Mechanistic model of asparaginase/asparagine pharmacodynamics

We derived a model (supplementary figure 5) to account for the endogenous formation of asparagine (ASN), the effects of asparaginase (ASP) on plasma asparagine (ASN), and the dynamics of CSF asparagine (ASNCSF).(13;32;33) The endogenous formation of asparagine was modeled as a function of the rate of systemic asparagine synthesis (rmax) and was assumed to be a saturable process with a baseline steady state level of plasma asparagine (ASN0). This is modeled by the first term on the right-hand side of Equation 1. The pharmacodynamic effects of asparaginase on hydrolyzing plasma asparagine were assumed to follow Michaelis-Menten kinetics (Vmax and Km). This is modeled by the last term on the right-hand side of Equation 1. Since asparaginase does not penetrate into the CSF,(34) the only processes we accounted for when modeling CSF asparagine were influx (kin, KmCSF), which was assumed to be saturable, and efflux (kout) (Equation 2):

(Equation 1)
(Equation 2)

Additionally we required the CSF steady state assumption of kout=kinASN0ASNCSF0(KmCSF+ASN0), where ASNCSF0 is the steady state level of CSF asparagine.

Several model parameters were fixed using previously published data: rmax (0.2 μM/h; literature range: 0.06-6.0 μM/h,(13;33)); Km (29 μM; literature values: 12 and 29 μM,(13;33)); ASN0 and ASNcsf0 (both set to each individual's measured pre-asparaginase asparagine concentration). The parameters Vmax, kin, and KmCSF were estimated in each individual using the maximum likelihood estimation method as implemented in ADAPT II pharmacokinetic fitting software(35), using the fixed plasma asparaginase pharmacokinetic parameters that had been estimated for each individual. We also estimated the time that plasma asparagine was below 3 μM and that CSF asparagine was below 1 μM for each individual.


Simulations were performed to determine the sensitivity of the model-predicted plasma and CSF asparagine disposition to changes in model parameters and to determine the effects of various doses of asparaginase. The simulations were performed using the pharmacokinetic and pharmacodynamic parameters that had been estimated for each individual.

Statistical methods

The Kruskal-Wallis test was used to compare differences within individuals, and the Wilcoxon test was used to compare differences between individuals in asparaginase pharmacokinetic parameters. Differences in the depletion of plasma or CSF asparagine were determined by comparing (via the Mann-Whitney U test) the area under the curve (AUC) on the serial asparagine-vs.-time plot as determined by the trapezoidal rule (i.e., the larger the area, the less the depletion of asparagine). In all cases, differences were considered significant if P < .05.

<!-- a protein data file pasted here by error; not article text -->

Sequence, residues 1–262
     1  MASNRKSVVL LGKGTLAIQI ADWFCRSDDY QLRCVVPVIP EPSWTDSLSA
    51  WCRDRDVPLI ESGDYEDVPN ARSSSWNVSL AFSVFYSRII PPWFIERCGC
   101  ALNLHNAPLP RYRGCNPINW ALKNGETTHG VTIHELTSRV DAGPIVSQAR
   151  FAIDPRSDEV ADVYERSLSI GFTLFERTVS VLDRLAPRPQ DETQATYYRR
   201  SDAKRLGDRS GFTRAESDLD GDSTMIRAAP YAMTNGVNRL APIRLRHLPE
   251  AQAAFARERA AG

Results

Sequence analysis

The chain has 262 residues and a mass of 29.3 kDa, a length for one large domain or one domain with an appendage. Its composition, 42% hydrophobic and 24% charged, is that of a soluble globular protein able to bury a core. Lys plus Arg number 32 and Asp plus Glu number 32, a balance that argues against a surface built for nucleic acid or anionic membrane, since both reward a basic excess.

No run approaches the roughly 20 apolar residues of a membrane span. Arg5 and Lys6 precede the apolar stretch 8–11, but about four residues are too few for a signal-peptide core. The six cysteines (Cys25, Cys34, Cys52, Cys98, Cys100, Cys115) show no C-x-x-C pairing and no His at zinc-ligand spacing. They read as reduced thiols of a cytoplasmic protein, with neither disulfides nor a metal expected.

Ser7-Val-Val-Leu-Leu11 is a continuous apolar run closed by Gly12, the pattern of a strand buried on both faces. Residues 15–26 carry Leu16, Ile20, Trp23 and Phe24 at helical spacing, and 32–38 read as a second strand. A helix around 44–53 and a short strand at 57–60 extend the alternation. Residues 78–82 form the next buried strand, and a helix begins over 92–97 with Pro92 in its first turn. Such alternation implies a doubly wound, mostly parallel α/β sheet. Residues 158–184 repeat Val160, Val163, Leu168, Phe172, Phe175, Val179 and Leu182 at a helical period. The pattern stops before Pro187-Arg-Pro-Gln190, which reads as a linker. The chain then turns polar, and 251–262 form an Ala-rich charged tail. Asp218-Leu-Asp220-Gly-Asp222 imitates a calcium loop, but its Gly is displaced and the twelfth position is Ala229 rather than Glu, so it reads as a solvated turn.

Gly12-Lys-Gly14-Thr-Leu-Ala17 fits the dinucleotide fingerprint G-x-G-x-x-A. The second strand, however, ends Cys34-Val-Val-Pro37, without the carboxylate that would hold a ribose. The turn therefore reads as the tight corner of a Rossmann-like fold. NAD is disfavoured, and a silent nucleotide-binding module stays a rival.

Supplementary Material


This work was supported by NCI grants CA 51001 and CA 21765 from the National Institutes of Health, by a Center of Excellence grant from the State of Tennessee, and by the American Lebanese Syrian Associated Charities (ALSAC). Dr. Pui is an American Cancer Society Professor.


Contribution: M.V.R. designed research, collected, interpreted data, and drafted the manuscript; J.C.P. analyzed and interpreted data, and drafted the manuscript; A.G., N.H., L.J.H. and C.H.P. designed research, collected data; C.C. and W.L. performed statistical analysis.

Conflict-of-interest disclosure: The authors declare no competing financial interests.

Reference List

1. Capizzi RL, et al. L-asparaginase: clinical, biochemical, pharmacological, and immunological studies. Ann Intern Med. 1971;74(6):893–901. [PubMed]
2. Jones B, et al. Optimal use of L-asparaginase (NSC-109229) in acute lymphocytic leukemia. Med Pediatr Oncol. 1977;3(4):387–400. [PubMed]
3. Clavell LA, et al. Four-agent induction and intensive asparaginase therapy for treatment of childhood acute lymphoblastic leukemia. N Engl J Med. 1986;315(11):657–63. [PubMed]
4. Asselin BL, et al. In vitro and in vivo killing of acute lymphoblastic leukemia cells by L-asparaginase. Cancer Res. 1989;49(15):4363–8. [PubMed]
5. Schorin MA, et al. Treatment of childhood acute lymphoblastic leukemia: results of Dana-Farber Cancer Institute/Children's Hospital Acute Lymphoblastic Leukemia Consortium Protocol 85-01. J Clin Oncol. 1994;12(4):740–7. [PubMed]
6. Boos J, et al. Monitoring of asparaginase activity and asparagine levels in children on different asparaginase preparations. Eur J Cancer. 1996;32A(9):1544–50. [PubMed]
7. Vieira Pinheiro JP, et al. Drug monitoring of low-dose PEG-asparaginase (Oncaspar) in children with relapsed acute lymphoblastic leukaemia. Br J Haematol. 2001;113(1):115–9. [PubMed]
8. Avramis VI, et al. A randomized comparison of native Escherichia coli asparaginase and polyethylene glycol conjugated asparaginase for treatment of children with newly diagnosed standard-risk acute lymphoblastic leukemia: a Children's Cancer Group study. Blood. 2002;99(6):1986–94. [PubMed]
9. Panosyan EH, et al. Asparaginase antibody and asparaginase activity in children with higher-risk acute lymphoblastic leukemia: Children's Cancer Group Study CCG-1961. J Pediatr Hematol Oncol. 2004;26(4):217–26. [PubMed]